If that is the reason, it absolves the Daily Mail of the accusation (as outlined in last week’s Charlie Brooker’s Newswipe) laid against the press: that the excessive coverage of Jade Goody’s death would only alarm and upset cancer sufferers and their families, something that only serves to hamper them in their battle against the disease.

But the Daily Mail weren’t irresponsible in their sensational Jade Goody coverage. No, they’re irresponsible all the bloody time. The truth of the matter is that the Daily Mail loves to scare the fuck out of you about cancer no matter when. And if there isn’t a celebrity slowly dying in the news for them to gawp at, then they’ll resort to publishing anything they can find with the word ‘cancer’ in it. It doesn’t matter if it cures it or gives you it. It doesn’t matter if it’s a dying reality TV star or a paper on the dietary effects of cabbages. As long as the spectre of the disease is there to keep you on your toes (that is, if you haven’t lost them to cancer), then they’ll use it against you.

4 thoughts on “Do cancer scare stories give you the Daily Mail?

  1. If geeky stats are your thing I spent a few days recently reading every Richard Littlejohn article from 2008, adding up how many times he used the word ‘Nazi’ as a suffix, how many times he used the word ‘Muslim’ – over 70 times in just 97 articles – and the fact that 40 articles out of 97 mentioned gay people – the overwhleming majority in a very negative way. Click here for the full ‘audit’ if you’re interested: http://www.angrymob.uponnothing.co.uk/richardlittlejohn/littlejohns-2008-audit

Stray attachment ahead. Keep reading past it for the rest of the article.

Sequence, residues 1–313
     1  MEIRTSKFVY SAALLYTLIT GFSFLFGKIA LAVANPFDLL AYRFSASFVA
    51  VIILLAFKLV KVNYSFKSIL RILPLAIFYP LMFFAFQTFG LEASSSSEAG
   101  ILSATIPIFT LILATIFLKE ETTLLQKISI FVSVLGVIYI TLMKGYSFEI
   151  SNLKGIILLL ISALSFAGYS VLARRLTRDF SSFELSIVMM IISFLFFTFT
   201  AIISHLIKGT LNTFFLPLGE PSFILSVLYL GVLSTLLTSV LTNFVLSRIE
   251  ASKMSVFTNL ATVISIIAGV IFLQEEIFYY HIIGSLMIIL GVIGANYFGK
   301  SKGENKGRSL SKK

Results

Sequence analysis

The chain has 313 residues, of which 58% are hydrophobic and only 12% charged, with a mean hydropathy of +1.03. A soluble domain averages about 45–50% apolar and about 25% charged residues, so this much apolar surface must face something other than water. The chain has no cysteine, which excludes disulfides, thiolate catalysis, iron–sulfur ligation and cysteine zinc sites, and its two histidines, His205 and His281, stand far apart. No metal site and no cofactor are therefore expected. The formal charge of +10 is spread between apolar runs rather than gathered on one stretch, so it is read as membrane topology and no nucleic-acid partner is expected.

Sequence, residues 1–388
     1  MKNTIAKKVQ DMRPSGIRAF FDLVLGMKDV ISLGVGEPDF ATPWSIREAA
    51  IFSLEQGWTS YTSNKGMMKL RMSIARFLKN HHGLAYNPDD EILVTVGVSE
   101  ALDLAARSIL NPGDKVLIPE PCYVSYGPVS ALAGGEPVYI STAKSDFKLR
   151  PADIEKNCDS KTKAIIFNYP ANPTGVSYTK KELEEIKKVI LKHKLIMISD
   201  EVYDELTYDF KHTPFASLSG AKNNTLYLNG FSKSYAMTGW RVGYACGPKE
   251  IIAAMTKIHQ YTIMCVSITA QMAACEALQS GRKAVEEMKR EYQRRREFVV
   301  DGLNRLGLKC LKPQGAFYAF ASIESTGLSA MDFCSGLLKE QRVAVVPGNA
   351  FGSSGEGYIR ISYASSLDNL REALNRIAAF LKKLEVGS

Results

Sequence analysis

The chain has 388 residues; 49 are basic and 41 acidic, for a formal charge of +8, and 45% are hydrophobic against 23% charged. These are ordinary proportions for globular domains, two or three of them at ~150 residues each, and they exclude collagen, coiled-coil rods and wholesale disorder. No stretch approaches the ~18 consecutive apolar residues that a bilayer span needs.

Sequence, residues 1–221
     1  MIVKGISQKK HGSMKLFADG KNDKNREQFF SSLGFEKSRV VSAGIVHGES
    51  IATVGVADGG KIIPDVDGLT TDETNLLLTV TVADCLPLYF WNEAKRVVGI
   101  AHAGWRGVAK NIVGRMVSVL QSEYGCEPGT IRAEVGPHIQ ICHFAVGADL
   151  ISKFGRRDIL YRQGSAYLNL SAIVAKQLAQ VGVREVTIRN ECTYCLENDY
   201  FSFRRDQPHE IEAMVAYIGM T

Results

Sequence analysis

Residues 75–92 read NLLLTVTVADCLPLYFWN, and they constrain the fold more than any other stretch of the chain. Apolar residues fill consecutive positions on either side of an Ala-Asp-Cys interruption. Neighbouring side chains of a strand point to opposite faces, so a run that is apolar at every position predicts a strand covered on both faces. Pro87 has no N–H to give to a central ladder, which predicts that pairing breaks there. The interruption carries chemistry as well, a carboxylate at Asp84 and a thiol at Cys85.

2. the hacks, with a much juicier, PR-friendly story on their hands, were too busy to write them up or even care

    I suspect this is close to the reason, but not quite focused in the right way. It’s likely to be an editorial issue – a question of balancing the content of the newspaper, making sure that you don’t have too many stories on similar topics. So the cancer-related health stories may be more likely to be dropped when they’d be close to a Jade story in the paper, for fear of making it too cancer-heavy. I don’t know how many health stories are written solely for the Mail’s website, and how much just comes from the paper – it would be interesting to see if more of the stories during the Jade era were web originals rather than paper originals (the same restrictions not really applying on the web).